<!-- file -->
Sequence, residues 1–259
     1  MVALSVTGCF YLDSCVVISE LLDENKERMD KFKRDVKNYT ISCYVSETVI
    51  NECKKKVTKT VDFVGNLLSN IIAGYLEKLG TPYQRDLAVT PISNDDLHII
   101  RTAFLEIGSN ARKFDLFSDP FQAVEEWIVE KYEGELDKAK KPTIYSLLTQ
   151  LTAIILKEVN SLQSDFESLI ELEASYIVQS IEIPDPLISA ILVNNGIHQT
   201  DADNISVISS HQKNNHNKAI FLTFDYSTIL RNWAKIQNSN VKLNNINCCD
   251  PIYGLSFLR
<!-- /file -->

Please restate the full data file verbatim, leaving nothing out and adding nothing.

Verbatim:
Sequence, residues 1–259
     1  MVALSVTGCF YLDSCVVISE LLDENKERMD KFKRDVKNYT ISCYVSETVI
    51  NECKKKVTKT VDFVGNLLSN IIAGYLEKLG TPYQRDLAVT PISNDDLHII
   101  RTAFLEIGSN ARKFDLFSDP FQAVEEWIVE KYEGELDKAK KPTIYSLLTQ
   151  LTAIILKEVN SLQSDFESLI ELEASYIVQS IEIPDPLISA ILVNNGIHQT
   201  DADNISVISS HQKNNHNKAI FLTFDYSTIL RNWAKIQNSN VKLNNINCCD
   251  PIYGLSFLR